Variation of trailing edge camber proved to be one of the easiest and most effective ways to modify aerofoil shape to match different aircraft operational weights, with benefits approaching 3% of fuel savings or, equivalently, range extension. This is particularly the case of commercial planes, where both initial take-off conditions (because of the unpredictable payload or the specific required mission-transfer flight, for instance) and in-flight states (for the kerosene consumption) can undergo significant differences. Several studies (like the European Research Programs SARISTU or JTI-GRA) demonstrated that the most sensible region for installing an adaptive trailing edge system for those aims is towards the wing tip. This is unfortunately a very delicate area where usually Ailerons are deployed and where significant mass insertions could affect the aeroelastic response with some risks of instabilities. Furthermore, the volume available are really limited so that the installation of a fully embedded system is challenging. Moving from the experience taken in many former projects as the cited ones, the authors faced the problem of installing a fully integrated adaptive trailing edge system within the existing structural skeleton of a reference aileron and defined a design strategy to take into account the aeroelastic modifications due to the installation of such a device. Besides, the architecture preserved the original function of that control surface so that it could work as a standard aileron (classical rigid tab movement) with the augmented function of a deformable, quasi-static shape. In this sense, the proposed system exhibited a double functionality: A conventional rigid aileron with augmented shape modification capability plus a continuous, slow change of the trailing edge, occurring during flight for compensating aircraft weight variation. The research was carried out within the Italian-Canadian program MDO-505 and led to the realisation of a multifunctional aileron with two operational motor systems (one for the classical aileron working and the other for the morphing enforcement), completely integrated so that no external element was visible or affected the aerodynamics of the wing. The manufacture of this device was possible thanks to the development of a suitable design process that allowed taking into account both the structural and the aeroelastic response of the integrated architecture. This system was part of an adaptive wing section that was completed with the realisations made by the ETS of Montreal, the Quebecoise Consortium for Aerospace Research and Innovation (CRIAQ) and the IAR-NRC, supported by Bombardier and Thales Canada. The joint demonstrator was tested in the wind tunnel at the NRC facilities in Ottawa and gave confirmation of the aerodynamic, aeroelastic and structural predictions. The paper that is herein presented deals therefore with the design process and the manufacture of an adaptive trailing edge, installed within the existing aileron system of a wing segment, to undergo wind tunnel tests. The resulting device considers the definition of the kinematic structural system, the development of the integrated actuator system, their integration and the assessment of their static and dynamic structural response, and the verification of a safe aeroelastic behavior. Numerical and experimental results are presented, achieved in lab and wind tunnel environments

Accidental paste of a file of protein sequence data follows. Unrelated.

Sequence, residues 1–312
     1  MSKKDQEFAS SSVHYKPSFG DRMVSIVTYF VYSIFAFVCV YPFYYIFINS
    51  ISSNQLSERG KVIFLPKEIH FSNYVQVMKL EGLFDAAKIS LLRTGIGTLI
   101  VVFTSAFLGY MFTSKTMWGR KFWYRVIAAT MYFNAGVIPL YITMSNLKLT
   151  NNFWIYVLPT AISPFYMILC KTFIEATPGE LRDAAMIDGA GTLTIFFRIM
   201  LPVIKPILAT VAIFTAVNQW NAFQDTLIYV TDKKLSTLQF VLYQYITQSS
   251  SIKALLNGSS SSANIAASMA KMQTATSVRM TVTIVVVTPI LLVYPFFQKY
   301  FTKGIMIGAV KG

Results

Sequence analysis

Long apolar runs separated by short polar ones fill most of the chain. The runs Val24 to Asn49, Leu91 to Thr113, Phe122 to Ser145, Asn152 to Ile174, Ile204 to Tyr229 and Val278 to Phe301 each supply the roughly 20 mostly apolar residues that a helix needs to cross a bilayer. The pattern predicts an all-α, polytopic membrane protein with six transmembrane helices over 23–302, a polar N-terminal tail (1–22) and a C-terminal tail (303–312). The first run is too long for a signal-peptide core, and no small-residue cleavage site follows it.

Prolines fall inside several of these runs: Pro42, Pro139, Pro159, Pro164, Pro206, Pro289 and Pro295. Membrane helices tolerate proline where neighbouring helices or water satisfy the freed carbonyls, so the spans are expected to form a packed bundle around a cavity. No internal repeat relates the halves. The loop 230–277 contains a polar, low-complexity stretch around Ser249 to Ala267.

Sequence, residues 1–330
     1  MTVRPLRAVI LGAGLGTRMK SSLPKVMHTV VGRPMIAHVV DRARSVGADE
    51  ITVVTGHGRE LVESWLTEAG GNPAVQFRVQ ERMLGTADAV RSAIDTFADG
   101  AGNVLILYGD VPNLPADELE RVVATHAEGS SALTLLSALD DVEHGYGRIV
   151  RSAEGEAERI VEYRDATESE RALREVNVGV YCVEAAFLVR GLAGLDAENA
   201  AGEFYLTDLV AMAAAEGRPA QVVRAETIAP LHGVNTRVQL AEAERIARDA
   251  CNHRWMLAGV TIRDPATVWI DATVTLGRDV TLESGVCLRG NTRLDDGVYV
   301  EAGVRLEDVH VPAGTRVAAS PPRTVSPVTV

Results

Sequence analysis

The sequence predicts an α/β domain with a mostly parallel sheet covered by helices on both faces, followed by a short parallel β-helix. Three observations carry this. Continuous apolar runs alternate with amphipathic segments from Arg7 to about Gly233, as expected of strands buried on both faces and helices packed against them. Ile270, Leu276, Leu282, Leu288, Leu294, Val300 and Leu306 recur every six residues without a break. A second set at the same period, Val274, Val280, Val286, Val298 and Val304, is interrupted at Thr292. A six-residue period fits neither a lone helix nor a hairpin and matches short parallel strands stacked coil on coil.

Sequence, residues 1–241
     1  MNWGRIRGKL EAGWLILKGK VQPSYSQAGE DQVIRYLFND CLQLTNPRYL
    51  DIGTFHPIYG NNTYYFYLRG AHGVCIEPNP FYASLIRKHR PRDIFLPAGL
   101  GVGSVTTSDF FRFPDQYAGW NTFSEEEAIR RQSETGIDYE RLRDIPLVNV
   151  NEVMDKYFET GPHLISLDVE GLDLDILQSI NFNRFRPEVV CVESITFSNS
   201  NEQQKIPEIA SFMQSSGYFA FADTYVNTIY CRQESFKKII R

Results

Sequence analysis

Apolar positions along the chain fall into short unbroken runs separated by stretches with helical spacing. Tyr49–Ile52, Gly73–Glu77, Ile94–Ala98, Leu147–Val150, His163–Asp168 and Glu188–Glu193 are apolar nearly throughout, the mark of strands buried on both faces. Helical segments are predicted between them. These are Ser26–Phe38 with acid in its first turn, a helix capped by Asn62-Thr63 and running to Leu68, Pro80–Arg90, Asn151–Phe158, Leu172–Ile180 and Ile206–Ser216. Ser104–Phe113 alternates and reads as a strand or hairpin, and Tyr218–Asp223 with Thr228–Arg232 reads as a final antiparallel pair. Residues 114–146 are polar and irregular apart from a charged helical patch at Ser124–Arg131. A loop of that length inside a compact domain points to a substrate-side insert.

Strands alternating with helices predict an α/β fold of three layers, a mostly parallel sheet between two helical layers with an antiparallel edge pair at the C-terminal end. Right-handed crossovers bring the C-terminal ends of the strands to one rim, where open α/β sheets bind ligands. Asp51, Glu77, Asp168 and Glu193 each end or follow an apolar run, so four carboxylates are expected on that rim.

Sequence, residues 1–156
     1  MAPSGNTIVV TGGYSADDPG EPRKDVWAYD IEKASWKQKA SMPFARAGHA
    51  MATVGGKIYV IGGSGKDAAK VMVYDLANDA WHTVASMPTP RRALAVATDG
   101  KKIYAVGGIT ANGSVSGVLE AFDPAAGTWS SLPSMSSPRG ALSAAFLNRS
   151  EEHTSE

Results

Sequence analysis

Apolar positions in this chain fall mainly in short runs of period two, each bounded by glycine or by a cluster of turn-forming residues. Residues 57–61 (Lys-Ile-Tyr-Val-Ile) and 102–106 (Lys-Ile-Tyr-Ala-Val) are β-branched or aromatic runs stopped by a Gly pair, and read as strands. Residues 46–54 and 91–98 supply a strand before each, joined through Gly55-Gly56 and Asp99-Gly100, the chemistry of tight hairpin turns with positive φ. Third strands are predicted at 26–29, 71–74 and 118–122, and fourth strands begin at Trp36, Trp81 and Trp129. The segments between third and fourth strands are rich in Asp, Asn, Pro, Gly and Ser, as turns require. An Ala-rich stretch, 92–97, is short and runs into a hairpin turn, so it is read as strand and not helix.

• Numerical and experimental validation of a full scale servo-actuated morphing aileron model
    'IOP Publishing', 2018
    Co-Authors: Arena Maurizio, Amendola Gianluca, Amoroso Francesco, Pecora Rosario, Dimino Ignazio, Concilio Antonio
    Abstract:

    Aircraft industry is by now deeply involved in technological breakthroughs bringing innovative frameworks, in which the morphing systems constitute the most promising scenario. These systems are taking a remarkable role among the unconventional solutions for the improvement of performance in the operating conditions. The application of morphing devices involves a combination among structural and aerodynamic analyses, actuation requirements, weight assessment and flight control performance. The research project CRIAQ-MDO505, Canadian-European cooperation project on smart technologies, has investigated morphing structures potential through the design and the manufacturing of a variable camber aileron tailored to CS-25 category aircraft applications. This paper is especially focused on the most considerable results able to validate the conceptual design: functionality, ground vibration and wind tunnel tests outcomes have been discussed. The Ailerons typically constitute crucial elements for the aerodynamic forces equilibrium of the wing. Therefore, compared to the traditional architectures, the need of studying the dynamic performance and the following aeroelastic impact is, in the specific case of servo-actuated variable-shaped systems, higher. Relying upon the experimental evidence within the present research, the issue appeared concerns the critical importance of considering the dynamic modelling of the actuators in the design phase of a smart device. The higher number of actuators and mechanisms involved makes de facto the morphing structure much more complex. In this context, the action of the actuators has been modelled within the numerical model of the aileron: the comparison between the modal characteristics of numerical predictions and testing activities has shown a high level of correlation. Moreover, the compliance of the device with the design morphing shapes has been proved by wind tunnel test. The outcomes are expected to be key insights for future designers to better comprehend the dynamic response of a morphing aileron, primary knowledge for flutter and failure analyses